Take the 2-minute tour ×
Database Administrators Stack Exchange is a question and answer site for database professionals who wish to improve their database skills and learn from others in the community. It's 100% free, no registration required.

I ran SQL Server 2005's bulk copy program BCP like this:

bcp mydb.dbo.mytbl in myfile.blk -c -S mysvr -U mylogin -P mypass

And it ran and produced output like so:

Starting copy...
1000 rows sent to SQL Server. Total sent: 1000
...
1000 rows sent to SQL Server. Total sent: 55000

But then it stopped. The cursor did not return to prompt, I haven't received the "... rows copied." message.

I tried querying the target table and I can already see the rows that I wanted to import.

Shall I terminate the console? Will it rollback?

share|improve this question

2 Answers 2

After 3 hours, I finally got my prompt back:

55837 rows copied.
Network packet size (bytes): 4096
Clock Time (ms.) Total     : 10582641 Average : (5.28 rows per sec.)

Although I still don't know why it didn't return immediately since the rows were already inserted. My best guess was it did index rebuilding.

I will try terminating the console the next time it hangs up like that.

share|improve this answer

The process appears to hang because, although it has sent all the data to SQL Server, the data has only been placed in sort buffers - it has not yet reached the destination table.

When the table has indexes, SQL Server will sort the data into the required index order before inserting. If the data set is large, there are many indexes, or SQL Server has insufficient sort memory available, this process can take significant time. The presence of indexes and existing table data can also affect the ability of SQL Server to use optimized minimally-logged inserts.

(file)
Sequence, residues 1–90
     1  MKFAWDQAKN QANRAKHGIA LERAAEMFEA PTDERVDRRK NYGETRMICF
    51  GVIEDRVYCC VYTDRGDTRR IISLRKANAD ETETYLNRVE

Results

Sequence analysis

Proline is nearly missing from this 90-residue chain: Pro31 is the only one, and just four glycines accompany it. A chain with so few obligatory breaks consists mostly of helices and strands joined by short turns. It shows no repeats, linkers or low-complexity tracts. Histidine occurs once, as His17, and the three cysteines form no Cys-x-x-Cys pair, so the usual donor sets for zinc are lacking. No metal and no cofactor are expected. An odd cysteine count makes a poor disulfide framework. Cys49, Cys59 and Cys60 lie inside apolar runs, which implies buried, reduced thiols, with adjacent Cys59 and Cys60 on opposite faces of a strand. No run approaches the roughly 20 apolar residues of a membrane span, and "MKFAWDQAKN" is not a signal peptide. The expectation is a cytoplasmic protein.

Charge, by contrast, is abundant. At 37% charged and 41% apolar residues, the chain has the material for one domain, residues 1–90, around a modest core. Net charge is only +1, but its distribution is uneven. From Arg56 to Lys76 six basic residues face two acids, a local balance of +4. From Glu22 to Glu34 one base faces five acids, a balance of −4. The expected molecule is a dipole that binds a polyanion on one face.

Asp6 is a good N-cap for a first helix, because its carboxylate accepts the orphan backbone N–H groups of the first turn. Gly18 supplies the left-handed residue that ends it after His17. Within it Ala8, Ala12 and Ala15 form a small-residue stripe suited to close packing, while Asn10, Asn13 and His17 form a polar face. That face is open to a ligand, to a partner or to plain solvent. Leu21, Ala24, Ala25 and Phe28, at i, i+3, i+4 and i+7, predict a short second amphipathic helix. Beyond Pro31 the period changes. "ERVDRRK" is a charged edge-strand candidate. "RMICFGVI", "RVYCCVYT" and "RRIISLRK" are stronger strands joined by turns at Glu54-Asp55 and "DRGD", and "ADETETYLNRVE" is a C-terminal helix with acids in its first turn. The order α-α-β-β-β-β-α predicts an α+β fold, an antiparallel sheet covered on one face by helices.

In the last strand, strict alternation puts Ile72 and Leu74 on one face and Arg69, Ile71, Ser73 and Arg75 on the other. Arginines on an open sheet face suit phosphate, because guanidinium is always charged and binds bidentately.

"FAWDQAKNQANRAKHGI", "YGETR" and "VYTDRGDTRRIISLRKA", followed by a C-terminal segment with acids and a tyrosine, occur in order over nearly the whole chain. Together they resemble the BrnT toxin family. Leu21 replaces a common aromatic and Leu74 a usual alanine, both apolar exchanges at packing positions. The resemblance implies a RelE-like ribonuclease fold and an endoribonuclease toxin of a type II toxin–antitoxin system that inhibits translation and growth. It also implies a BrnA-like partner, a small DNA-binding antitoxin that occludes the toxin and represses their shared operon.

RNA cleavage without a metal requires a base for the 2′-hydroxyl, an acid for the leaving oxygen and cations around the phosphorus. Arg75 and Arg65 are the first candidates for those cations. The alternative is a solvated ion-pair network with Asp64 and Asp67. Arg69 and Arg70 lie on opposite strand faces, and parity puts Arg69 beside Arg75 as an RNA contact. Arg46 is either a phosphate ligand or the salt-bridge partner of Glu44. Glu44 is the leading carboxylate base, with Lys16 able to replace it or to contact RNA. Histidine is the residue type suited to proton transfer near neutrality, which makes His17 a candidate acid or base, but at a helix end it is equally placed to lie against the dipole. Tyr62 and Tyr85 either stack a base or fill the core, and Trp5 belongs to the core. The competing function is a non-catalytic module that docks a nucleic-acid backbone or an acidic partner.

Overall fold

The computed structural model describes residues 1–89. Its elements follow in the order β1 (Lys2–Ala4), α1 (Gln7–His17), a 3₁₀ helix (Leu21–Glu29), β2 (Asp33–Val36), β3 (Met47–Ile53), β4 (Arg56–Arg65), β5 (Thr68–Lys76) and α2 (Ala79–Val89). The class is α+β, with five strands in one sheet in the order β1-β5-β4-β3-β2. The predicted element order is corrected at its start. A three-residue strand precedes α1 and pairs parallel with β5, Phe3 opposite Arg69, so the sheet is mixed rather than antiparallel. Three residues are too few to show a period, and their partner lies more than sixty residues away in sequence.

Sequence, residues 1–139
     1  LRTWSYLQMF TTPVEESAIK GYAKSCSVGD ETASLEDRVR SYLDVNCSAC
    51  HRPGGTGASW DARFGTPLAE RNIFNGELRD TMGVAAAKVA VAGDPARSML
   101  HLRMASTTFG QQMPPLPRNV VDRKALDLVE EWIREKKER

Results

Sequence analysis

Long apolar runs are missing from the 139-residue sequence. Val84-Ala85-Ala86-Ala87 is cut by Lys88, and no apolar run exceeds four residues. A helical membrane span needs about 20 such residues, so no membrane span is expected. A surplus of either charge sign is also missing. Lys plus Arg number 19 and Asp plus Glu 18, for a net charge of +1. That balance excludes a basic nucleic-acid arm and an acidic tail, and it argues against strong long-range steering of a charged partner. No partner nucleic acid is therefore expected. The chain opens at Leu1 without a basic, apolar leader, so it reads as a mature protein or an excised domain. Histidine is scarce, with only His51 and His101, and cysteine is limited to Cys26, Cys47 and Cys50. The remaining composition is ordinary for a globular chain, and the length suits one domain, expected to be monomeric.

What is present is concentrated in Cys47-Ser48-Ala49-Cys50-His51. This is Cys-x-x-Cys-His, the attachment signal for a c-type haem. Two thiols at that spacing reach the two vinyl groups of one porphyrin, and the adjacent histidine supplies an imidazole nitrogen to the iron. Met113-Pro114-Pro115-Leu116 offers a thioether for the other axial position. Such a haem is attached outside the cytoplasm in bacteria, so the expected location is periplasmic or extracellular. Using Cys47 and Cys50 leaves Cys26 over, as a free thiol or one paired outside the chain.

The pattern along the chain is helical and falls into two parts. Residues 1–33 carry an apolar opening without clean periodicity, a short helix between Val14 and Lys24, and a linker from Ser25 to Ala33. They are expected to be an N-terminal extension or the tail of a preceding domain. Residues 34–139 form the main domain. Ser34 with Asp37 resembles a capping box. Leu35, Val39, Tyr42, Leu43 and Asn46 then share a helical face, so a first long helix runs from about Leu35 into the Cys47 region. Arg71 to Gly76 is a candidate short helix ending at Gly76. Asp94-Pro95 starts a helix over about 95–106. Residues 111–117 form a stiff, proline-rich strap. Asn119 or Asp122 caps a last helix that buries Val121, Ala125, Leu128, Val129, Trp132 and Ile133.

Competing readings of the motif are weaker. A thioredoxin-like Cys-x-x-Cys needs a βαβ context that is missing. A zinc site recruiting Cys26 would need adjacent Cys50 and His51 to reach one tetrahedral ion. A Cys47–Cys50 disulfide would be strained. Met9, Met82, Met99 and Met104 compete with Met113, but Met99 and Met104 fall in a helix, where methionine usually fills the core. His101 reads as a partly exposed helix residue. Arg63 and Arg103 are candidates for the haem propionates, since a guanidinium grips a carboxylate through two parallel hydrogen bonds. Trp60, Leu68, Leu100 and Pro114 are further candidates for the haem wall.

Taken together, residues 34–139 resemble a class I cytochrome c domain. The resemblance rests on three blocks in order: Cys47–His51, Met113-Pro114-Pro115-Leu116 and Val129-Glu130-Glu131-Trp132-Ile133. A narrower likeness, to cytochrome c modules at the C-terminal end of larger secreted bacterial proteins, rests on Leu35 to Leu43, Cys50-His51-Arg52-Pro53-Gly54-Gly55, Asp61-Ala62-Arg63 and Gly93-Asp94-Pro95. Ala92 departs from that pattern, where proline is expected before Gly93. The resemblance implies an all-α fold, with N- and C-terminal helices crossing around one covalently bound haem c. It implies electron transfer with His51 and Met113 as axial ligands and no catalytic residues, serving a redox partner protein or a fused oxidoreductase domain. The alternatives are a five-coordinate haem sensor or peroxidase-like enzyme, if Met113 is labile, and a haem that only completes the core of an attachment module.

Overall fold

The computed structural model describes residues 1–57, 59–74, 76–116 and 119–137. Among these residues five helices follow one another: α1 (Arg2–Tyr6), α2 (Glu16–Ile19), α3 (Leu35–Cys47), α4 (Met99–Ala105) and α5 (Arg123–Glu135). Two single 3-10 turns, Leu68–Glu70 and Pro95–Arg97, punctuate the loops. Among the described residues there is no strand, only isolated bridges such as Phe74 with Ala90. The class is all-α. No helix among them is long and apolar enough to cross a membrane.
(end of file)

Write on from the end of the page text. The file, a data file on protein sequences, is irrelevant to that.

Without minimally-logged inserts, the insertion process (after sorting) will also be slow because each row is fully recorded in the transaction log (including the information needed to undo the insert to ensure recoverability).

Several bcp options can be specified to help achieve minimally-logged inserts. Other measures may also be necessary, such as temporarily changing the recovery model of the database to support efficient bulk operations. Dropping nonclustered indexes before the insert and rebuilding them afterwards is also often the optimal strategy.

To summarize the main points of a complex topic:

  • Use a recovery model that supports minimally-logged inserts
  • Specify a TABLOCK hint (exact syntax varies depending on insert method)
  • Specify the ORDER hint and ensure the data source is pre-sorted by the clustering key
  • Disable triggers and constraints
  • Load into an empty table if possible

For more information, see:

Optimizing Bulk Insert Performance and linked pages

For SQL Server 2008 and later:

The Data Loading Performance Guide

share|improve this answer

Your Answer

 
discard

By posting your answer, you agree to the privacy policy and terms of service.

Not the answer you're looking for? Browse other questions tagged or ask your own question.